One answer is cost. If you have a PC, the only equipment needed is a fast modem, costing from £80, which can deal with voice as well as data and fax. Voice-mail can do all the tricks of the fanciest answering machines. You can listen to messages from elsewhere, switch answering mode on and off, and change the outgoing greeting. If you were planning to buy an answering machine, voice-mail can thus save money. It can also: save you from investing in a second phone line and a fax machine. The software can pick up the phone and deal with whatever comes in - whether a voice, fax or computer file save you from having to listen to a dozen calls from your kid's friends in order to find out whether that crucial business contact rang. The software can sort messages into different "mailboxes" for different people or different purposes, so you can listen to those you want to, and ignore the rest bleep you or call you on another telephone number if an urgent message comes in read out information, such as youraddress or a list of train timetables send out information by fax to people who ask for it, while they are still on the line calling you.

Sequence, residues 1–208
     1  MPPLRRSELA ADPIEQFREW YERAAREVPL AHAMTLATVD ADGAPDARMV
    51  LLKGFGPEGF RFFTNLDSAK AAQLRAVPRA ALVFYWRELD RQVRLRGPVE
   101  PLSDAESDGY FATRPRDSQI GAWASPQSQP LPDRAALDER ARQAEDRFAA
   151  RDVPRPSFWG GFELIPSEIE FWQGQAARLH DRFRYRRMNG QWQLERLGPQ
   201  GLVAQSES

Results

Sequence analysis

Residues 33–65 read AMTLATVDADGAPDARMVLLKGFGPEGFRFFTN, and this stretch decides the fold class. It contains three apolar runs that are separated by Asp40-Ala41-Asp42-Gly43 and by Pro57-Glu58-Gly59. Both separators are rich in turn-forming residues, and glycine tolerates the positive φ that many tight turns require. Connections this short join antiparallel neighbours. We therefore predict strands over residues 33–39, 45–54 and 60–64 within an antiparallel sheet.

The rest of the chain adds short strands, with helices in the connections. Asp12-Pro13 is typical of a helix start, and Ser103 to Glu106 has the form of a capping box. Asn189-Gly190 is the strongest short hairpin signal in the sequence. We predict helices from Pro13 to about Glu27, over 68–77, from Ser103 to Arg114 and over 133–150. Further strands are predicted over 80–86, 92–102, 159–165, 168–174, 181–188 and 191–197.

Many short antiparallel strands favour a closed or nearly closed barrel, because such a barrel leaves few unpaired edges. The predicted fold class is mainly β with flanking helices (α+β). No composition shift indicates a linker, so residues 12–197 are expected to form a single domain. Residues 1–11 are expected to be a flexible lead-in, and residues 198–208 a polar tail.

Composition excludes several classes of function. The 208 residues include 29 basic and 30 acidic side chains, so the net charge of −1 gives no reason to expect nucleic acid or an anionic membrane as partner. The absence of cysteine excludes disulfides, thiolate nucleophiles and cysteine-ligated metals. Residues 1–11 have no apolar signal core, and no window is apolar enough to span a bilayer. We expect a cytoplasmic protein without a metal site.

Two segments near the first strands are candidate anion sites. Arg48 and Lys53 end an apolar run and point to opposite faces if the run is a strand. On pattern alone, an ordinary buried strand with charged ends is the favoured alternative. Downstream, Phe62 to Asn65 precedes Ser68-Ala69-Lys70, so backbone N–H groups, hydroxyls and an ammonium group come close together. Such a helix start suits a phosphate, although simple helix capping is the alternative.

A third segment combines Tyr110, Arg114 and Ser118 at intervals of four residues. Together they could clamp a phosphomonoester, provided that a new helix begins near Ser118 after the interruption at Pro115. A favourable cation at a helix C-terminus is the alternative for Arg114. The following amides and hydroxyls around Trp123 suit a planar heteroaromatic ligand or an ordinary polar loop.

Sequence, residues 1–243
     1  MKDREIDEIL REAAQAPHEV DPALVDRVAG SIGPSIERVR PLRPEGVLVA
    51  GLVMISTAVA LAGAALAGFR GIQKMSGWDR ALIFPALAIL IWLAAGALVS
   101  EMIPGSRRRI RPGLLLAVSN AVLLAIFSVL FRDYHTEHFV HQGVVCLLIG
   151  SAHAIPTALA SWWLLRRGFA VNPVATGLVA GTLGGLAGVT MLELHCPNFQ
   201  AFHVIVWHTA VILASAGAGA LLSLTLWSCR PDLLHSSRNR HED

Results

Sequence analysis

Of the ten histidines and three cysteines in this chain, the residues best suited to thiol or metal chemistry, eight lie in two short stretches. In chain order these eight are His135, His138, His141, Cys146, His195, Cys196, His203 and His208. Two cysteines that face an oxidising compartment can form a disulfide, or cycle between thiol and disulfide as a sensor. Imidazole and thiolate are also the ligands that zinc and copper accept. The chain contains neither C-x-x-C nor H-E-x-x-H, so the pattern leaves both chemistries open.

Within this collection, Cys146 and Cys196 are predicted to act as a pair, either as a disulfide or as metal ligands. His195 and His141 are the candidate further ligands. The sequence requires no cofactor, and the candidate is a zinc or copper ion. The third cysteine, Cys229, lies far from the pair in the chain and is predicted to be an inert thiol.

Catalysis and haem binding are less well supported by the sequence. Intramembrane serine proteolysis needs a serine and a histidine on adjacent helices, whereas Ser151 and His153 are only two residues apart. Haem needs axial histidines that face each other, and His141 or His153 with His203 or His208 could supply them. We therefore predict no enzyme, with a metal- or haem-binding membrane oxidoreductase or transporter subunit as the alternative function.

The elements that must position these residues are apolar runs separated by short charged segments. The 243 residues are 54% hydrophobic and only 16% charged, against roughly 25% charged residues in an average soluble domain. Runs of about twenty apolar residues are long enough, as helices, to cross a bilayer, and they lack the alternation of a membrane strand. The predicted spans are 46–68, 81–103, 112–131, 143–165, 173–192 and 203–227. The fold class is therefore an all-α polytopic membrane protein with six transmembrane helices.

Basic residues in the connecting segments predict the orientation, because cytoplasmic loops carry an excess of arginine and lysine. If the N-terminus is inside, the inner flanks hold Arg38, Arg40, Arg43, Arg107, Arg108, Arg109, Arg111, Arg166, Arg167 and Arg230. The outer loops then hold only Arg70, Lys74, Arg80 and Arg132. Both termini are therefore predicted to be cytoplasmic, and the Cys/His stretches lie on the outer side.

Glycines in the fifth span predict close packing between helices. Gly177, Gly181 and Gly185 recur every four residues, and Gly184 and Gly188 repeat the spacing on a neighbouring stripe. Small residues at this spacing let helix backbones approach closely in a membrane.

If none of these things sounds useful at home, that is probably because PC-based voice-mail systems are still in search of a market. When they find one, it will probably be people who work from home and want to maintain some separation between their working and their home lives. An added bonus is that voice-mail allows small businesses to sound to the casual ear much larger than they really are.